PRESS RELEASE: 8th August 2013
On Sunday the 18th August the Bog of Allen Nature centre will be celebrating National Heritage Week with a demonstration of the Ecohydrological Management work that is taking place on Lodge Bog. There will be a talk on IPCC’s on-going ecohydrological management of Lodge Bog to include a visit to the study site. Ecohydrological site management, involving analysis of the links between hydrological functioning and surface ecology, is considered best practice and has been recommended to be carried out on all raised bogs of conservation concern in the country.
Ecohydrological Management is a fusion of different disciplines – hydrology, geology and ecology and it provides conservation agencies with a powerful tool in the management of raised bogs. The work involves detailed analysis of the current hydrological state of the bog, both at the surface and lower in the groundwater system beneath the peat in the bog. Peat cores sampled from the bog allow for the reconstruction of the historical plant assemblages that were present when the bog began to grow and the type of landscape in which the bog formed. This information is crucial for land managers with an interest in restoring peatland. An examination of the thickness and composition of the living layer of bog mosses on the surface of the bog is the final piece in the jigsaw that makes up a living bog and this provides insights on ecosystem functioning within the bog habitat. When all of this ecohydrological information is pulled together it is possible to make prediction models of the response of the bog to different management interventions.
Through analyzing what is going on below the ground can we get an insight into what the surface we see everyday has done historically and what it is likely to do into the future!
In addition to the talk by Tadhg ó Corcora, IPCC’s Conservation Officer, there will be a full programme for famililes. From 2-5pm the Bog of Allen Nature Centre will be open for visitors to explore the peatland heritage of Ireland. The museum takes in all aspects of peatlands from the use of peat as a domestic fuel for heating and cooking in the home to the variety of wildlife found on the wet and wild habitat of Ireland’s peatlands. The wildlife gardens will be open to discover how you might enhance the wildlife in your own garden and how you can choose to garden without peat.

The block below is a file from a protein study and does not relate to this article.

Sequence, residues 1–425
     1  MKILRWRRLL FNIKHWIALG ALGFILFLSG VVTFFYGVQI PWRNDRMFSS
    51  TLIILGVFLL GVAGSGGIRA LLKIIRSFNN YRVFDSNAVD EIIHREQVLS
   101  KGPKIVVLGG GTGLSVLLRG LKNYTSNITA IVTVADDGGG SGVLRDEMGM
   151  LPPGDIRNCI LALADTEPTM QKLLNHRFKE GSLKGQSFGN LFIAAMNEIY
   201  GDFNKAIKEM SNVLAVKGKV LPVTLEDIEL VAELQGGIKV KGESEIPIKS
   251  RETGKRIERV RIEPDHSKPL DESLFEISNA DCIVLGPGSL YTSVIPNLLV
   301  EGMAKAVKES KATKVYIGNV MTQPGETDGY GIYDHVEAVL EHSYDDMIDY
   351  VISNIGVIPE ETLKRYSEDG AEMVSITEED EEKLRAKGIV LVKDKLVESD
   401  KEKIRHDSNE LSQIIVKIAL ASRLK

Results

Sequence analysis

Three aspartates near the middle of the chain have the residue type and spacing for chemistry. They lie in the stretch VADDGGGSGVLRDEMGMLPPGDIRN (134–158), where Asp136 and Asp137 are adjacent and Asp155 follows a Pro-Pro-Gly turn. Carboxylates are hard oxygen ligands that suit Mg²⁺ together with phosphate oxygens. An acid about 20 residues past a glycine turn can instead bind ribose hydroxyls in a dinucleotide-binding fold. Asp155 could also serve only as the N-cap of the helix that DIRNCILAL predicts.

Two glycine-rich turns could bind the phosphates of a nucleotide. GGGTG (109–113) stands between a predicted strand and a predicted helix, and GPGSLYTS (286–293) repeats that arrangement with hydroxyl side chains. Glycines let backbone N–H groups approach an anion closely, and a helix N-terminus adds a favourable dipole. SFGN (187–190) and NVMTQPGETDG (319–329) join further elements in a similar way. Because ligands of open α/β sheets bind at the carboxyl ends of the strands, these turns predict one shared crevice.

For further information contact 045-860133 or e-mail firstname.lastname@example.org. This event is supported by Kildare County Council under the Community Heritage Grant Scheme 2013.
Photographs and interviews available on request, telephone on 045-860133 and ask for Tadhg Ó Corcora, Conservation Officer
IPCC, Bog of Allen Nature Centre, Lullymore, Rathangan, Co. Kildare, or email email@example.com.
More information about the project can also be found on www.ipcc.ie or the Facebook page of the IPCC
IPCC is an NGO formed in 1982 to ensure the conservation of a representative sample of Irish bogs. Our activities include education and publicity, promoting environmental awareness, provision of information and encouraging the protection and conservation of our national heritage for the common good. We own and manage a number of peatlands for conservation and we run the Bog of Allen Nature Centre, which is open to visitors and school groups. The Irish Peatland Conservation Council is a company limited by guarantee, with charitable status. www.ipcc.ie